Wendy Weston essay
Benefits of Raffle Ticket Sales
How My Family Business Brought Community Together Through a Successful Fundraising Campaign
Our family business is located in an extremely remote location in the Four Corners region of the country, situated in the Navajo Nation, home to the largest federally recognized American Indian tribe. Geographically, the Navajo Nation is approximately the size of West Virginia, and although the more than 150 small communities scattered across the Navajo Nation are separated by mountain ranges, deep canyons and vast deserts, there remains a sense of community among all who reside within its boundaries. Children often times ride the bus more than an hour to get to school. People are accustomed to driving great distances to attend social and religious events, as well as to obtain groceries and other goods and services for their families.
Due to the remote location of the Nation, the unemployment rate is higher than other places in the country, but this has not inhibited Navajo entrepreneurs from establishing a vibrant cottage industry network, that includes the exchange of food and material goods, as well as art and crafts. On any given day, one may find an open-air market set up in a vacant lot in one or more small towns or villages, where local crafts people gather to sell their wares. Our family participates in this type of business.
Four years ago, our family decided to hold a raffle to create a fund that would be used to help defray some of the expenses that the college age students in our family were faced with. Several family members located and purchased a classic pick-up truck (1970 Chevrolet) at an auction in another state. We restored it to “Car Show” condition and announced at the local open-air markets that we would be raffling off this fully restored and working pick-up truck.
We relied on word of mouth and one on one advertising about our raffle. We had special tickets printed that advertised our family business and promoted higher education among all Navajo youth. In August that year, in the beginning of the academic school year, we began traveling to the open-air markets and annual fairs throughout the Nation, selling raffle tickets and promoting higher education through small informal discussions with those who purchased a ticket. We explained to those who purchased tickets that we were intending to use the funds raised to help defray expenses for college expenses for one of our family members.
Over a period of three months, we made an effort to visit with and get to know each person who bought a raffle ticket, as well as advocating about the importance of a college education for our children. This gesture was met with excitement by our purchasing audience and it is generally accepted that higher education for our youth is the most promising means to developing a stable reservation infrastructure and economy. The tickets were modestly priced so the excitement of buying a chance to win a “Classic Truck” was attainable for a vast cross section of purchasers.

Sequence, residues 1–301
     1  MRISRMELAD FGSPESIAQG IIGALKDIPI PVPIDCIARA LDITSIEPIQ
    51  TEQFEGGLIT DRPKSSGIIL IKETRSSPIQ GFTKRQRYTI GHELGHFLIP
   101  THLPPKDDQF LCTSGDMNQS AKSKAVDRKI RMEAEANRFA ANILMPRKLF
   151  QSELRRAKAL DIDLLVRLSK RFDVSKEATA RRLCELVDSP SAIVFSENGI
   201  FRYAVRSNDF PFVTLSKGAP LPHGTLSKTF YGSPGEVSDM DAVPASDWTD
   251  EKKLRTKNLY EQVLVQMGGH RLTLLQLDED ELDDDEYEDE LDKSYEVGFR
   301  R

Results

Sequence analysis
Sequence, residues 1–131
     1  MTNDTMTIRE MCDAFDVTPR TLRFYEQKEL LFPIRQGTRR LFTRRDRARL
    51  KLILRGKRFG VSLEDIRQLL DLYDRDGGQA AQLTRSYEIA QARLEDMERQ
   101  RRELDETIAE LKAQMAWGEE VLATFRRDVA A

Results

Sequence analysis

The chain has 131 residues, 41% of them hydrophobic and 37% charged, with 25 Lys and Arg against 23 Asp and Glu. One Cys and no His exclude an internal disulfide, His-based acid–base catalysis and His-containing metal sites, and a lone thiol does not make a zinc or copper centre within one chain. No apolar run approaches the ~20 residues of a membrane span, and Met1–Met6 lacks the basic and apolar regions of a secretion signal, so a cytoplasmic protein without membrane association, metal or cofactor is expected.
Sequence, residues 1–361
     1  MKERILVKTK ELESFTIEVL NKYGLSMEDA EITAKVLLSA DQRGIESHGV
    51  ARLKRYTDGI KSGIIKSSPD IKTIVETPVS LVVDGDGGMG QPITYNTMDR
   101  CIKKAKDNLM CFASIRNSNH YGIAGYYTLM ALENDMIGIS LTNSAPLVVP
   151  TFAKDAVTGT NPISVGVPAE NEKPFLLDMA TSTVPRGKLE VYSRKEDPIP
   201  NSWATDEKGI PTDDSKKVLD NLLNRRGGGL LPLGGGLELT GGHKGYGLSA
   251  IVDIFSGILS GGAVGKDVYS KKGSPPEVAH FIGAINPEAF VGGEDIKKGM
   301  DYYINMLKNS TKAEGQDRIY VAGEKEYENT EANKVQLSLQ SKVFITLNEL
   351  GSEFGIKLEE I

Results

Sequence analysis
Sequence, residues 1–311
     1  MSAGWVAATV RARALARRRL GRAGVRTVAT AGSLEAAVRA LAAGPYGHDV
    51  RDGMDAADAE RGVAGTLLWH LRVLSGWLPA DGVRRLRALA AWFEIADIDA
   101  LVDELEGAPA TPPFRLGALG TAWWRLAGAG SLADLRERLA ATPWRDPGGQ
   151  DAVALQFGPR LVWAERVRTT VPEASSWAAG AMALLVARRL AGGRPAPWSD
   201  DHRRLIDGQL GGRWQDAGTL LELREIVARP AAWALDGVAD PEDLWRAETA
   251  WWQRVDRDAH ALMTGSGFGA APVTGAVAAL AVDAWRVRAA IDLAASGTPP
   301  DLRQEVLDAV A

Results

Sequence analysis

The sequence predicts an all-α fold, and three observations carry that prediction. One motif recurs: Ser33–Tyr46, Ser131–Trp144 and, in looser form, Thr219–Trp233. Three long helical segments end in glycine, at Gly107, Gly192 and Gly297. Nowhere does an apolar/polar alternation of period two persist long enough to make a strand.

We prepared an announcement of the Navajo Nation radio station stating the time and location for the drawing for the pickup truck would be on October 31, during a Halloween fair at a local school near Window Rock, the capital of the Navajo Nation. Individuals from the small communities across the Nation anxiously awaited the drawing in anticipation of wining the grand prize. The winning ticket was sold to a hardworking housewife in a small town, some 150 miles away from where the drawing was held. She had purchased a raffle ticket with the last of her cash, a surprise for her husband who had, for many years, admired and wished for a classic Chevrolet pick-up truck. When we called the winner, she was elated and shed tears of joy. The truck was delivered and, still today, neighbors and other individuals around the small Navajo community in north central Arizona comment when they see “the raffle truck” drive by.
As well, several of the young people in our family who received funds from the proceeds of the raffle, have graduated from college and are either in graduate or professional school, or gainfully employed. This activity brought together our community in support of our young people, brought fellowship and positive conversations in a many times depressed environment (brought on by high unemployment and isolation). We made it fun and our family business continues to thrive and contribute to the local Navajo economy. We learned the importance of taking time to have one on one conversations with neighbors, customers and fellow business people promotes good will and builds trust. We learned that making this fun for all and through laughter, sharing and mutual respect, we were able to accomplish our family goal of helping our youth realize a good education. The efforts we made were our way of celebrating the achievements of our young people and inspire others to follow suit.Place An Order